A couple of pristine white and almost perfectly round Giant Puffball mushrooms appeared in the wetland behind the backyard about two weeks ago.
These distinctive Fungi have no spore-bearing gills on the underside like most table mushrooms. They do not have a stalk or stem, and the spores produced internally are released in a cloud of brown dust when the large fruiting body splits apart at maturity or due to some mechanical disturbance (like someone kicking it).
Every couple of days I visited the “twins” to see what changes had occurred in the interim. The figure below captures the progression of changes in the largest Puffball over almost two weeks. Click on the image to get a larger view.
Giant Puffballs can grow to 20-inch diameters, and occasionally the largest ones may be up to 60 inches across and weigh as much as 40 pounds. They are edible when young with firm, solid white tissue inside. But as they mature and begin to decompose, the interior spore development becomes a soft greenish brown as trillions of spores develop.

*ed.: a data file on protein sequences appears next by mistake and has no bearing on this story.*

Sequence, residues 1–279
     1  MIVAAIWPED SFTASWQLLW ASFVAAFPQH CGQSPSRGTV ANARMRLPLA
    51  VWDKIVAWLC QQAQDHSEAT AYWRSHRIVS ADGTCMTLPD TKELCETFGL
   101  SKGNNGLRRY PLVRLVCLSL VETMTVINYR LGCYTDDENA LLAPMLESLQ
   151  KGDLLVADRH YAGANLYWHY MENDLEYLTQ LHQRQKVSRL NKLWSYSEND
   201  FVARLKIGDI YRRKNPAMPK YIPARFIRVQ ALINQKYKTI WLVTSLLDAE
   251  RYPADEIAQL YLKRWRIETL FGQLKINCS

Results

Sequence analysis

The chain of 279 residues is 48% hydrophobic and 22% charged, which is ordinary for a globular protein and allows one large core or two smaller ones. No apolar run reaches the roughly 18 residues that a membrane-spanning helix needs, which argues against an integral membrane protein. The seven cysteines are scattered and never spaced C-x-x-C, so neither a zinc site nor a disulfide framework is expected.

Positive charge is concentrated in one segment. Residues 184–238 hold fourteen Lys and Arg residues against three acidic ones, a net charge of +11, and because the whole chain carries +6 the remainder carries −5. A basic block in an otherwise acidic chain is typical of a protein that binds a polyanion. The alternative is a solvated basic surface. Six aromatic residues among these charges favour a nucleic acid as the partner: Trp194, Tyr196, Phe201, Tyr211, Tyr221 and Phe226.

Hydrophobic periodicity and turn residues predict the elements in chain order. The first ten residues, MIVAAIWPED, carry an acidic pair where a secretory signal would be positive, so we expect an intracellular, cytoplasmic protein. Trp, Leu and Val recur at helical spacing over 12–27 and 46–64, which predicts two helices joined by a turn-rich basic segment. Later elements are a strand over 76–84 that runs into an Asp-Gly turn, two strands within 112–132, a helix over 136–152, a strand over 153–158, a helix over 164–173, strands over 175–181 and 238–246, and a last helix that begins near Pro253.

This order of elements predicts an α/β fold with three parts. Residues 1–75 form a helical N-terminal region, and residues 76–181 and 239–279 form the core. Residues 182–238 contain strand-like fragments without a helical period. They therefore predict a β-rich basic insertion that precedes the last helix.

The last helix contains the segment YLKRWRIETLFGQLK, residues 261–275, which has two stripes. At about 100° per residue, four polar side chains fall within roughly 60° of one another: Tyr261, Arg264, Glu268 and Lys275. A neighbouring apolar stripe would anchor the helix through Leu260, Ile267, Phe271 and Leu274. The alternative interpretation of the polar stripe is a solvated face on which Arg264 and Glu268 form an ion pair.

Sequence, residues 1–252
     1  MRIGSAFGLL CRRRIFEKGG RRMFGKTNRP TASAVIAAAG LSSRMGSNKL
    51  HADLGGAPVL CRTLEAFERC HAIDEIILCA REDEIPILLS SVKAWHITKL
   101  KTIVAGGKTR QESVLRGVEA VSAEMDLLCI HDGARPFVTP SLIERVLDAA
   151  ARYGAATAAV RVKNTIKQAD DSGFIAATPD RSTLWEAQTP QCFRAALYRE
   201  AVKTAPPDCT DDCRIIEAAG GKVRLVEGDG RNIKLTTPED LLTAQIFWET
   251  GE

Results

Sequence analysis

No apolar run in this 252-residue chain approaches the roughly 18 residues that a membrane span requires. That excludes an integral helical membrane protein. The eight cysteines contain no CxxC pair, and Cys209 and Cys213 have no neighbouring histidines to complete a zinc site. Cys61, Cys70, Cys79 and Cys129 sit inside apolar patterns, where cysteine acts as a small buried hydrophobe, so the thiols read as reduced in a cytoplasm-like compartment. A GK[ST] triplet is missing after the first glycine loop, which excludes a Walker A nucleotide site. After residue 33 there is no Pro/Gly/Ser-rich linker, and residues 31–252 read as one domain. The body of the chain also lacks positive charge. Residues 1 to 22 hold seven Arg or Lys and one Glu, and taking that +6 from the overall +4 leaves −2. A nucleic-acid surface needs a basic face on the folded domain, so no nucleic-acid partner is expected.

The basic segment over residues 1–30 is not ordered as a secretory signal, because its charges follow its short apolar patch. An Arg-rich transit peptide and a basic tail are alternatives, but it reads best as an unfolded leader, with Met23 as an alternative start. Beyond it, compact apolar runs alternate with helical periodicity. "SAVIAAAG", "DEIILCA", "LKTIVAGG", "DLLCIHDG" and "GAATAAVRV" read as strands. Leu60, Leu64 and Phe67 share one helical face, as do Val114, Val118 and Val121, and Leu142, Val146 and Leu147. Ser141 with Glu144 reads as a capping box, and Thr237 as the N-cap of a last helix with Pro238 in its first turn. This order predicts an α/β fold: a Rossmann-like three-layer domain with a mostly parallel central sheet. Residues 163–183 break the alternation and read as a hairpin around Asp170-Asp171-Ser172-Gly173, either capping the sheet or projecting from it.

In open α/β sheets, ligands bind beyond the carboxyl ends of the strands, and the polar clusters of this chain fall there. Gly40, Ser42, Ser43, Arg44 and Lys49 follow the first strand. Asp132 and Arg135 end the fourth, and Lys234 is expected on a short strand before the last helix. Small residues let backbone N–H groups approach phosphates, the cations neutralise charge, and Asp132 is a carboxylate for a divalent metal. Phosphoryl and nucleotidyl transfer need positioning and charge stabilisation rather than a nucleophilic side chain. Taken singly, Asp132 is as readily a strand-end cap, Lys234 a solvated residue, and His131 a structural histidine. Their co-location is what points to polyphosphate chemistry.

Here’s a fascinating video on the spore production of Puffballs by Sir David (Attenborough) and some nifty time-lapse video of Earth Star fungi that puff their spores out in response to rain…